The office for Rep. Stephen Lynch announced on Friday that the Massachusetts Democrat had tested positive coronavirus. Most interestingly, Lynch's positive test result came after he received the second dose of the Pfizer vaccine.
Spokeswoman Molly Rose Tarpey explained in a statement that Lynch tested positive after coming into contact with a staff member who had testing positive for the virus earlier last week.
"This afternoon U.S. Representative Stephen F. Lynch received a positive test result for COVID-19 Friday after a staff member in the Congressman's Boston office had tested positive earlier in the week," Tarpey said, Boston.com reported.
Rep. Stephen Lynch. (Alex Wong/Getty Images)
Tarpey explained that Lynch "had received the second dose of the Pfizer vaccine and subsequently received a negative COVID-19 test prior to attending President Biden's Inauguration. While Mr. Lynch remains asymptomatic and feels fine, he will self-quarantine and will vote by proxy in Congress during the coming week."
Tarpey did not disclose when Lynch had received each vaccine dose.
According to the Food and Drug Administration, the Pfizer COVID vaccine is administered in two doses with an interval of 21 days between shots.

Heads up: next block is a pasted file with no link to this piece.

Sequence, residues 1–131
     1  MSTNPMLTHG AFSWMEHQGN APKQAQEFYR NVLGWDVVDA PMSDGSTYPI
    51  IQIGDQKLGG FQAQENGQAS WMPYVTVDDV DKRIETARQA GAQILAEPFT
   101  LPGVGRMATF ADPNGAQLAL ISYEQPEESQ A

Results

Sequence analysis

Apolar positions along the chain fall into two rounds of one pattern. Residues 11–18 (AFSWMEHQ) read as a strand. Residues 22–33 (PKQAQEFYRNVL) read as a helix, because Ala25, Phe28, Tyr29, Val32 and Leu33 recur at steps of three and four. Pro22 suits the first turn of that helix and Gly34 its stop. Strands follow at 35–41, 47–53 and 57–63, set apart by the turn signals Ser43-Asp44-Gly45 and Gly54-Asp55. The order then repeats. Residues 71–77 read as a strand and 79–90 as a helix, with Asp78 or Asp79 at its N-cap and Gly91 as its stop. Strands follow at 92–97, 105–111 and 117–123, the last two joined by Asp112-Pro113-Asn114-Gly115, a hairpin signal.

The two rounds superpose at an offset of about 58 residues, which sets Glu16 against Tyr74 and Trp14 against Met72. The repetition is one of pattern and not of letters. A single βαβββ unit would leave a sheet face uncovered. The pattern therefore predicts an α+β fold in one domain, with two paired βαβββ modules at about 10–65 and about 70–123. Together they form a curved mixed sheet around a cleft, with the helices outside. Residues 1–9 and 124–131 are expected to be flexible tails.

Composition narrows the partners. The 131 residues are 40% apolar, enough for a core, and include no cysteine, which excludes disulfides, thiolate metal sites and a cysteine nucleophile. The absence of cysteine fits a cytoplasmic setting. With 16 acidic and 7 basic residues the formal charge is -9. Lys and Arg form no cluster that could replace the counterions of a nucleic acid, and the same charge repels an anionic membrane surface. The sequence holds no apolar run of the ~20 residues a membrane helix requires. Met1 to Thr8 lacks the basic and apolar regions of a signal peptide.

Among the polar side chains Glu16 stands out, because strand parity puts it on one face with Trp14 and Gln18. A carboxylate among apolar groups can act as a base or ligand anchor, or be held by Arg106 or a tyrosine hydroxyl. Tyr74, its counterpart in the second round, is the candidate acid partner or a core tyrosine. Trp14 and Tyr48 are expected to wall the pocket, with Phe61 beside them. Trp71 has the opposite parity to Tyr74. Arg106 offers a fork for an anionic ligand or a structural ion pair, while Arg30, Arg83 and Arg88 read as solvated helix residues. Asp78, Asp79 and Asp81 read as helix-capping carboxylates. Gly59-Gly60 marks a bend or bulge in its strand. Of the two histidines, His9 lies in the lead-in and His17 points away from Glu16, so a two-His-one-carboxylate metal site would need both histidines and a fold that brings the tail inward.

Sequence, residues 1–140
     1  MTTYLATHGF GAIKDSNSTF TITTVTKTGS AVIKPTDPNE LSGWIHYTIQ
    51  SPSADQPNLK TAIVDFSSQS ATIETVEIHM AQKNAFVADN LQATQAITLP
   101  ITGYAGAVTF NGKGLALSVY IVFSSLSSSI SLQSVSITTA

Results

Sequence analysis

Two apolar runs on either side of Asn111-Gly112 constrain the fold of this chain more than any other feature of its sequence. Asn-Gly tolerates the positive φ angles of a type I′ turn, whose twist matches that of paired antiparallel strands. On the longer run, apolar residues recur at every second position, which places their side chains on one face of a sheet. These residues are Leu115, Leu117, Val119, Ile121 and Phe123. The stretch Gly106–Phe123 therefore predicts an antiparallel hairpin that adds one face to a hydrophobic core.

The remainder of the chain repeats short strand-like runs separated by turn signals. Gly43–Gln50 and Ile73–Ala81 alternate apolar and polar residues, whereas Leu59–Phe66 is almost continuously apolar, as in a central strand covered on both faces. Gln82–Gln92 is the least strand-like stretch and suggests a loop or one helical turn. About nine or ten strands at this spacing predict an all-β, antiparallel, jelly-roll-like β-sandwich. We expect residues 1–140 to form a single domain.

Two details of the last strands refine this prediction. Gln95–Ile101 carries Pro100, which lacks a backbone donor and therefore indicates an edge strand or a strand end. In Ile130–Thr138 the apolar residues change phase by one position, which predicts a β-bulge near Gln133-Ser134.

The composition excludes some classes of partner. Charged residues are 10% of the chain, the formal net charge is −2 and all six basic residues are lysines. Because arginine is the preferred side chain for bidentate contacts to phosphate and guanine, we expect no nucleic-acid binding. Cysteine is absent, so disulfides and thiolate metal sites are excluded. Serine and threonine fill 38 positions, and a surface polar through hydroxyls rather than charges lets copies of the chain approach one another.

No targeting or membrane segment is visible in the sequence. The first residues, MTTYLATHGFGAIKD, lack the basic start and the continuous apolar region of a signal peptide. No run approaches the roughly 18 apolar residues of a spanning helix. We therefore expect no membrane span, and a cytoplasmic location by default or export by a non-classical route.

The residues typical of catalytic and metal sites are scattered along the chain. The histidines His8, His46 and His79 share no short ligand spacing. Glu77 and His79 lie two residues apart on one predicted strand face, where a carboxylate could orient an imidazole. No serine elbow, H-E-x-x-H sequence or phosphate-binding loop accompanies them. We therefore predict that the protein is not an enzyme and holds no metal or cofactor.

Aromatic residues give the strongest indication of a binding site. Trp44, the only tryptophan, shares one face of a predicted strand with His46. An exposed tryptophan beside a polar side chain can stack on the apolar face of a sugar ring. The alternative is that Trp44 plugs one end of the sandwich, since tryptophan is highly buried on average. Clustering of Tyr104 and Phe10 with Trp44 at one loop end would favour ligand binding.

Testing positive after vaccine?
The Centers for Disease Control and Prevention explains that testing positive for COVID-19 is possible because it takes the body several weeks to build viral immunity.
"It typically takes a few weeks for the body to build immunity (protection against the virus that causes COVID-19) after vaccination," the CDC website explains. "That means it's possible a person could be infected with the virus that causes COVID-19 just before or just after vaccination and still get sick. This is because the vaccine has not had enough time to provide protection."
As CNN reported, "Covid-19 vaccines prevent illness, but do not necessarily prevent infection. If someone tests positive and doesn't get sick, the vaccine has worked as intended."